Recently, The New York Times, in bold headlines, reported the blindingly obvious: New York’s Times Square is a remarkable place. Of course, marketers have known this for years, which is why they invest millions in blinking billboards and lunatic street stunts. Consumers know it too, which is why so many of them flock there as tourists. But recently, our fascination with Times Square has begun to mutate. It’s not enough to have your advertisement seen in Times Square — there’s so much competition, after all.
Now, the ultimate goal is to have your advertisement photographed. That’s right: Charmin Toilet Paper set up clean and appealing porta-potties in Times Square as a promotion for their product. And they noticed that consumers weren’t just using them. They were photographing them. By the droves. With cameraphones and digital cameras, scores of tourists have been capturing Charmin’s visual message and taking it home with them to show family and friends, and even posting it on their blogs. Talk about viral marketing!
I personally noticed this phenomenon just a week or two ahead of the Times’s eagle-eyed reporters. Our agency had been helping Samsung with their own Times Square promotion to publicize the launch of the Blu-Ray DVD format. A billboard showed video clips of a character dressed in blue named Ray (get it, Blu-Ray) and consumers on the ground could vote on what sort of movie Ray should watch.
If they voted for “tearjerker” they saw him yanking out tissues; if they voted for “comedy” they saw him hysterically laughing, and so on. Neat stuff. The promotion had recently launched, and I wanted to see it in action for myself. I stumbled into Times Square not knowing exactly where the billboard was, and I was a little bit overstimulated and not sure where to look.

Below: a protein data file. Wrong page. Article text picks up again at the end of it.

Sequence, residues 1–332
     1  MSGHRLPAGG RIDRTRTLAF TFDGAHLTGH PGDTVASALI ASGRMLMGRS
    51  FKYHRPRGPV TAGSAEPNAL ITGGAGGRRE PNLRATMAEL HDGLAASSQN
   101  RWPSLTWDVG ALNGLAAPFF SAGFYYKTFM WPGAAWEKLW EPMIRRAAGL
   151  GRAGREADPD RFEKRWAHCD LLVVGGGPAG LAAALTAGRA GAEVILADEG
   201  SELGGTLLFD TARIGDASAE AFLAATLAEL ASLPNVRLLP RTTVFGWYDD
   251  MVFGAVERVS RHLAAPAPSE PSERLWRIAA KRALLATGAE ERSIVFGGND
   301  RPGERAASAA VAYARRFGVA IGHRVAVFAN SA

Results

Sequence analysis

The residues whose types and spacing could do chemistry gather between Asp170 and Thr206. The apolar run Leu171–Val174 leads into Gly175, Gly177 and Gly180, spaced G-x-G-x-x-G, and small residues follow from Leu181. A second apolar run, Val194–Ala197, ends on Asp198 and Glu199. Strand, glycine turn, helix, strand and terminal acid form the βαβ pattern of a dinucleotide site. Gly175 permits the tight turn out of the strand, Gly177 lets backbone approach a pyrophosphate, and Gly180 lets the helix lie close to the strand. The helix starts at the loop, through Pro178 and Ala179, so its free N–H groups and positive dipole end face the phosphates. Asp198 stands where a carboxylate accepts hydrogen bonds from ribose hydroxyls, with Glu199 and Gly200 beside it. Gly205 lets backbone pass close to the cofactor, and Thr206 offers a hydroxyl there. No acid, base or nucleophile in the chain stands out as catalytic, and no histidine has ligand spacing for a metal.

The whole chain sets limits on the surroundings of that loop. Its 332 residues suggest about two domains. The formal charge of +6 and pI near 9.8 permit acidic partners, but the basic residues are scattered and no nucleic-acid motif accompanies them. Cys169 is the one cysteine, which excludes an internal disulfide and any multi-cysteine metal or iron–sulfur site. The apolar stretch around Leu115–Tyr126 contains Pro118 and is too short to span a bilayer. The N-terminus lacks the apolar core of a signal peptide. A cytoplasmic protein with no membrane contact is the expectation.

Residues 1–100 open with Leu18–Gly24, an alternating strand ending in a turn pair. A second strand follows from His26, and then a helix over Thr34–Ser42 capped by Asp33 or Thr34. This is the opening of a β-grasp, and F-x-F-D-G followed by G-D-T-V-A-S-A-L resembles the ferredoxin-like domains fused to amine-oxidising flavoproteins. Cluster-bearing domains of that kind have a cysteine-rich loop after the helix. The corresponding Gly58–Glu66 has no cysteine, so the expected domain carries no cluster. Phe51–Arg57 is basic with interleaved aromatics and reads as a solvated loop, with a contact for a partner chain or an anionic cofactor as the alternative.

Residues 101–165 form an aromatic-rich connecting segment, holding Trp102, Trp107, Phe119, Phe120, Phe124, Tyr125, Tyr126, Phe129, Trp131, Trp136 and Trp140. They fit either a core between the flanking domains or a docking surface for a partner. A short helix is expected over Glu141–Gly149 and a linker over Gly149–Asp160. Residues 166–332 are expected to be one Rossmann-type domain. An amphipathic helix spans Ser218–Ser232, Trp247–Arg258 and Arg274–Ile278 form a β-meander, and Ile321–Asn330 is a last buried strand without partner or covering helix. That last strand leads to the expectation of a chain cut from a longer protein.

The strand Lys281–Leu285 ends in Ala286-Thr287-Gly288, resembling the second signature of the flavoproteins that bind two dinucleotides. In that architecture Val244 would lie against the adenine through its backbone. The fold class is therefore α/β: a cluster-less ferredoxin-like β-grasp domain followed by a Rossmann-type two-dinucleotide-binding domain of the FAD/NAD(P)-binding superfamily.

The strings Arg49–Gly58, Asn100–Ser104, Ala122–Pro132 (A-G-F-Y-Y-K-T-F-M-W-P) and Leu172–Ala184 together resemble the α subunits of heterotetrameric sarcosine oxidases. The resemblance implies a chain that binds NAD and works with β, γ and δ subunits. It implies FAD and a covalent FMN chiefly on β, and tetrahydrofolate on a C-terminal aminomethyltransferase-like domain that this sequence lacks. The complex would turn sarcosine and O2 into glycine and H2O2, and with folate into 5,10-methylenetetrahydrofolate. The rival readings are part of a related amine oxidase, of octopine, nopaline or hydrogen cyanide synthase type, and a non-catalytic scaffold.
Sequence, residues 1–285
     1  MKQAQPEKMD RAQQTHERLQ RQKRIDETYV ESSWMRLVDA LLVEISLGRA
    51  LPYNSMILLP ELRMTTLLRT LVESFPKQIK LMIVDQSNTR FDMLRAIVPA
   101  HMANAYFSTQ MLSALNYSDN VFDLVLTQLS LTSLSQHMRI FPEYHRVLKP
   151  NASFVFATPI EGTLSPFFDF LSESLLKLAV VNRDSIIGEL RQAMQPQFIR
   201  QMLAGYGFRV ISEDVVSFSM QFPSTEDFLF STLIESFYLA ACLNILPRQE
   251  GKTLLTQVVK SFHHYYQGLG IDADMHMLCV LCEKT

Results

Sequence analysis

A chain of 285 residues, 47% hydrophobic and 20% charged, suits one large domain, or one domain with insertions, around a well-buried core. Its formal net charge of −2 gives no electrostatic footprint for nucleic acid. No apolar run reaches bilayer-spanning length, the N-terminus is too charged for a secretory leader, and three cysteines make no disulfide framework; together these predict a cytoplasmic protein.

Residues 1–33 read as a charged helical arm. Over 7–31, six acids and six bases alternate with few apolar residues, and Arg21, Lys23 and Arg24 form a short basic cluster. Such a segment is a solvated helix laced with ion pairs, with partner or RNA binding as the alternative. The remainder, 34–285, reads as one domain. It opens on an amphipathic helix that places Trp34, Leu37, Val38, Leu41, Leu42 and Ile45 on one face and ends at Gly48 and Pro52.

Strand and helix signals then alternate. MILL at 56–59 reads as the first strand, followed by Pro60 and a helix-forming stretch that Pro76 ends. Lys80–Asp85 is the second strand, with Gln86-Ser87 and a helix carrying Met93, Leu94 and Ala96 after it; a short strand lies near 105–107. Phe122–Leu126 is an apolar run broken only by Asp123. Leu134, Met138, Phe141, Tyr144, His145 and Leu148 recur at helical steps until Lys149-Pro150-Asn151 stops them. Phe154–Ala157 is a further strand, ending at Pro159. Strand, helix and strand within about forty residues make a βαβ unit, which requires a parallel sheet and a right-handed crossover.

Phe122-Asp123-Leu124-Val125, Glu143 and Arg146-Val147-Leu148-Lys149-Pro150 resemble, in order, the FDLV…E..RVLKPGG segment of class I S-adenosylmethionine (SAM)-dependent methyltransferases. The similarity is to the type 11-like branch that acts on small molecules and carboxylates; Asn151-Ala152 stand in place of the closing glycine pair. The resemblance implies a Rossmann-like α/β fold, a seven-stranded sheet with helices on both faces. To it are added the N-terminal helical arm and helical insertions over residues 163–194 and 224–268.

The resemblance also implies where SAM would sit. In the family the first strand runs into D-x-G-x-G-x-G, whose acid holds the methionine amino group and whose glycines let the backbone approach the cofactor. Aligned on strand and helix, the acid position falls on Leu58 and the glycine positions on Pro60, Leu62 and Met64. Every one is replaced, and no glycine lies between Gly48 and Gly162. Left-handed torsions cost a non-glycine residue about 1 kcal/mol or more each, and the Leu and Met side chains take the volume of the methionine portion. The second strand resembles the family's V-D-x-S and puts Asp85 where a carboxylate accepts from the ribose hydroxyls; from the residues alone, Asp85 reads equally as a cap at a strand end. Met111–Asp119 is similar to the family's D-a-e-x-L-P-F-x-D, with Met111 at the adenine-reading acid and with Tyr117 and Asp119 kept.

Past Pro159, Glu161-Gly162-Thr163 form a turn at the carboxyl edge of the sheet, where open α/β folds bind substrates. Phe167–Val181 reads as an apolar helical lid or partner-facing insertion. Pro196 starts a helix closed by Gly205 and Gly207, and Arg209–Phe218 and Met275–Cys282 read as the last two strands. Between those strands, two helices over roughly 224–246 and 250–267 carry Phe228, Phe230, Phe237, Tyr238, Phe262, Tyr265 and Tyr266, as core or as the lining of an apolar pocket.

Then I noticed: lots of tourists were pointing their cameras in the same direction: uptown and 45 degrees skyward. Click click click! You couldn’t miss it. I traced back the line of sight to see what they were photographing and, sure enough, there was Blue Ray, bawling as he watched a tearjerker. Following that came the names that consumers had texted in when they voted: Alex. Franco. Monica. Click click click — more cameras! After all, who wouldn’t want a picture of their own name in lights in Times Square?
Samsung was surely benefiting from the very same phenomenon as Charmin. It wasn’t just the consumers in that Times Square that day that had experienced their promotion. It was all those people turbo charged by an amazing viral multiplier: by being unique, interesting and most of all personal, a fairly ordinary brand had unleashed what is sometimes known as a viral meme. Lots of marketers claim to be doing “viral marketing” but whether intended or not, this was the real deal.
There’s a lesson here for all marketers, but I believe it has particular resonance for mobile marketing. Mobile marketing is still a new discipline. As I’ve mentioned in previous columns here and here, one of the greatest benefits of mobile is that it is highly measurable and accountable. But because it is so new, mobile market still has the ability to dazzle otherwise jaded consumers. No one sends an urgent email to their friends alerting them to a super-cool ad banner or popup. Maybe in 1997, but not now. But, hey, if you can help consumers do something cool with their cellphones, that still gets talked about, and photographed, and forwarded to friends, and posted to blogs.